2022 Redistricting

Decennial Redistricting

Redistricting is the process of redrawing the boundaries of districts that elect representatives who serve specific geographical areas.   Redistricting is required every 10 years following the United States decennial census and is the responsibility of state and local governments.  Redistricting is governed by Federal and State constitutional and statutory laws.  In Virginia, redistricting is required for localities that elect candidates from a district or ward system. The purpose of decennial redistricting is to equalize, as nearly as practical, representation in the election districts on the basis of population.

The 2020 Census results show that Newport News increased in population since the 2010 Census, from 180,719 people to 186,247 people. This is an increase of about 3.1% or 5,528 people.  Because Newport News elects City Council and School Board candidates by district, the City is required to undergo redistricting following every decennial census. Further, and because the Newport News population increased, each election district needs to be balanced to ensure equal representation. In this regard, the City Council makes the final decision on how district boundaries are drawn, with the School Board being informed of the process. 

Timeline

As a result of the coronavirus pandemic, the 2020 Census was delayed which also delayed redistricting schedules. In the Commonwealth, Virginians voted for a Redistricting Commission to redraw legislative boundaries. The Redistricting Commission did not reach a consensus on state redistricting maps; as a result, the Virginia Supreme Court selected “special masters” to draw the state redistricting maps. The final state redistricting maps were completed and approved by the Court at the end of December 2021. 

Once the state completed redistricting, localities could begin local redistricting if applicable. Newport News began its redistricting process in January 2022.

What are the Legal Requirements for Local Redistricting?

  • Districts may not have split precincts. This is why localities wait to begin redistricting until the state concludes its efforts.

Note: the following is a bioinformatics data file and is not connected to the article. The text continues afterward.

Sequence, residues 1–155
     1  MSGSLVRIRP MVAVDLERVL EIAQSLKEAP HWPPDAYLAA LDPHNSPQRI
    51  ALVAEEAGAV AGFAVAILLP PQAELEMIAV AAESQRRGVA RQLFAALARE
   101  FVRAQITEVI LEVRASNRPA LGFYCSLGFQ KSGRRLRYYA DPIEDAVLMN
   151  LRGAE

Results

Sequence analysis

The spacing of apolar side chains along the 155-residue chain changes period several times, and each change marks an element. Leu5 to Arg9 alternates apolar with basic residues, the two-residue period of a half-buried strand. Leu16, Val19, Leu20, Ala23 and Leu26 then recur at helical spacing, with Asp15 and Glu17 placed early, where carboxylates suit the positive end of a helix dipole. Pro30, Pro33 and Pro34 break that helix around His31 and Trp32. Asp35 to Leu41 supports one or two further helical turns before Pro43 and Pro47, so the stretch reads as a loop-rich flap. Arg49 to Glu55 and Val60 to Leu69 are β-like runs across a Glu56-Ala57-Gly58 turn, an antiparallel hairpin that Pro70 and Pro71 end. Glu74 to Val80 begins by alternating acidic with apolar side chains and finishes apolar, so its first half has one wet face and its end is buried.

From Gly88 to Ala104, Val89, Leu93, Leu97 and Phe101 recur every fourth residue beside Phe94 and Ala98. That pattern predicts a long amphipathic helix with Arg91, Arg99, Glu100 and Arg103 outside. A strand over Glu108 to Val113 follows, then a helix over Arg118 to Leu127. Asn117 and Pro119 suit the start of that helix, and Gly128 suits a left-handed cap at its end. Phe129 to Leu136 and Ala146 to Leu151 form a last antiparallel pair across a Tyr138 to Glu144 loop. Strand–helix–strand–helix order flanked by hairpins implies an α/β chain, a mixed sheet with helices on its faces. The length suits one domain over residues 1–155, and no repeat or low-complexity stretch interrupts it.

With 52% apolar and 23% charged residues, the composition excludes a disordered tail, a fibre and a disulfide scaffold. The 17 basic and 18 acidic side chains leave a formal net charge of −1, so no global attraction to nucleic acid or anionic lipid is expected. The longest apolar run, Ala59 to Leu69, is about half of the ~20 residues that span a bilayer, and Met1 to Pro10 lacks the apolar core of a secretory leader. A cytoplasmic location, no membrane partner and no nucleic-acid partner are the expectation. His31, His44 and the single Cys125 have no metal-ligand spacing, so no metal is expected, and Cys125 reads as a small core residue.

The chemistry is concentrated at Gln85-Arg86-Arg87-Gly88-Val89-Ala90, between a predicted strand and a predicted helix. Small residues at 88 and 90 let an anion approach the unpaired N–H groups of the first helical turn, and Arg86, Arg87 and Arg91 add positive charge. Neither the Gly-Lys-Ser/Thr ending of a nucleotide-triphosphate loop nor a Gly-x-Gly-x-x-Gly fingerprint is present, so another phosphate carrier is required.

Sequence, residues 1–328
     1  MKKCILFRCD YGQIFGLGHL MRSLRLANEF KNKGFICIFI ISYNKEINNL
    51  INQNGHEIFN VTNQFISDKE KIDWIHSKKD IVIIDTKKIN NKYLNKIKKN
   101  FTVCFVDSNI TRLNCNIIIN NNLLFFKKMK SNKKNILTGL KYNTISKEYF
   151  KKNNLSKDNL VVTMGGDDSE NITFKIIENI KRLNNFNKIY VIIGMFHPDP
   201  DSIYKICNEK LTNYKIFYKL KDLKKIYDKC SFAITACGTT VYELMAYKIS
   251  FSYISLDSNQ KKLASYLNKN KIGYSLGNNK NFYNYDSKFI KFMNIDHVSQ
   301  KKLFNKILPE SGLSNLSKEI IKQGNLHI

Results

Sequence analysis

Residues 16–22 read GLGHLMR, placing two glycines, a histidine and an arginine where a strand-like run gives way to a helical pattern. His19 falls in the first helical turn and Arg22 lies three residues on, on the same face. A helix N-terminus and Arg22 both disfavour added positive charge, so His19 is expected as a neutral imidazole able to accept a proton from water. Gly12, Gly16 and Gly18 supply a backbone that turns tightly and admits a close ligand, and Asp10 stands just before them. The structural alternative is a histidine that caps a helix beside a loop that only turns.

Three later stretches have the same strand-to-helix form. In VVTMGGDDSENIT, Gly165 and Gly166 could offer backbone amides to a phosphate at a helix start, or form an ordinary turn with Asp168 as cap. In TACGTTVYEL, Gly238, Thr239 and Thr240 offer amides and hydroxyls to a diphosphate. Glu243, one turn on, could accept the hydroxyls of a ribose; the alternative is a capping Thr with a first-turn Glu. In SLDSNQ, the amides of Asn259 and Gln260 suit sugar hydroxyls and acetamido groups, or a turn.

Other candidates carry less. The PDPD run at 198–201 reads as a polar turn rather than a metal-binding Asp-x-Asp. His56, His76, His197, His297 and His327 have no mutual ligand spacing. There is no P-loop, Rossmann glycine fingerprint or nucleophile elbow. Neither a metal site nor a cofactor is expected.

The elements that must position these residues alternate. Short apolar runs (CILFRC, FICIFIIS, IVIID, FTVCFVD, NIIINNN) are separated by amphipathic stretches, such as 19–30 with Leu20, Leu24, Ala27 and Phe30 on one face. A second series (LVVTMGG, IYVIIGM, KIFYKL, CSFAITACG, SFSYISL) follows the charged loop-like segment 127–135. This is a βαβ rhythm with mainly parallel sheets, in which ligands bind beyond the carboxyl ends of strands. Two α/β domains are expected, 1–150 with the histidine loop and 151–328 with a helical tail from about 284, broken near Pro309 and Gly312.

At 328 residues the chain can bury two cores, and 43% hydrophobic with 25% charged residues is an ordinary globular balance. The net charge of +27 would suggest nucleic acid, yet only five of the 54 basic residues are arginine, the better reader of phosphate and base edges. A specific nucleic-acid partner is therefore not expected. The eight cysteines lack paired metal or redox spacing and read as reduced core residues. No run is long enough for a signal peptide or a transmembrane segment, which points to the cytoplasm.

• Districts must be compact in shape and contiguous in geographic area.
  • Voting district population must be substantially equal in apportionment. For example, for a population of 186,000 people there would be approximately 62,000 people per district.
  • Redistricting must use census blocks or higher for determining population.
  • Districts are to be drawn based on clearly observable boundaries, ex: natural waterways, highways, etc.

Approved Redistricting Plan

Districts Map (link)

City Code Chapter 15, Elections, Article 1. Voting Precincts and Article II. Election Districts (pdf)

Note:  The Redistricting Plan (map and ordinance) was adopted by City Council on March 22, 2022.  The Plan was approved by the Office of the Attorney General of Virginia on April 11, 2022.

Definitions

Census blocks: Census blocks, the smallest geographic area for which the Bureau of the Census collects and tabulates decennial census data, are formed by streets, roads, railroads, streams and other bodies of water, other visible physical and cultural features, and the legal boundaries shown on Census Bureau maps (census.gov).

Split Precincts:  Voters in the same precinct, voting for different Congressional, State, City Council and/or School Board candidates.  

Questions?

For more Information please email Toluwalase "Tolu" Ibikunle, AICP, Senior Planner or call 757-926-8761.